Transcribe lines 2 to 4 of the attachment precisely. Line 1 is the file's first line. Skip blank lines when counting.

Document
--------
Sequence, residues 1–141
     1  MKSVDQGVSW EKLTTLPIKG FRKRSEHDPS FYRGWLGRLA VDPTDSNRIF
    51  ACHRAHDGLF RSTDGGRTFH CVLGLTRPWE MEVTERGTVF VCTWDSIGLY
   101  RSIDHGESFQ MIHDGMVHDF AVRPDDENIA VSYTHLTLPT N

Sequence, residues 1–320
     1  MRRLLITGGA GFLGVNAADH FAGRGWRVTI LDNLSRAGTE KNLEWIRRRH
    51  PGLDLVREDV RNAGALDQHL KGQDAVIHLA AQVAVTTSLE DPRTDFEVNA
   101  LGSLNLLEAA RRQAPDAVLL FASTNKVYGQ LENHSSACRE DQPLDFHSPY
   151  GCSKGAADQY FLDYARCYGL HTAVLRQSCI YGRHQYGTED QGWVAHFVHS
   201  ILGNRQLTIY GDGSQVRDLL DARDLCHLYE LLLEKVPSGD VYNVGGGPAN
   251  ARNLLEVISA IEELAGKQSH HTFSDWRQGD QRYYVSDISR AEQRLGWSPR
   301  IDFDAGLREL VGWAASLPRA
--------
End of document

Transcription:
     1  MKSVDQGVSW EKLTTLPIKG FRKRSEHDPS FYRGWLGRLA VDPTDSNRIF
    51  ACHRAHDGLF RSTDGGRTFH CVLGLTRPWE MEVTERGTVF VCTWDSIGLY
   101  RSIDHGESFQ MIHDGMVHDF AVRPDDENIA VSYTHLTLPT N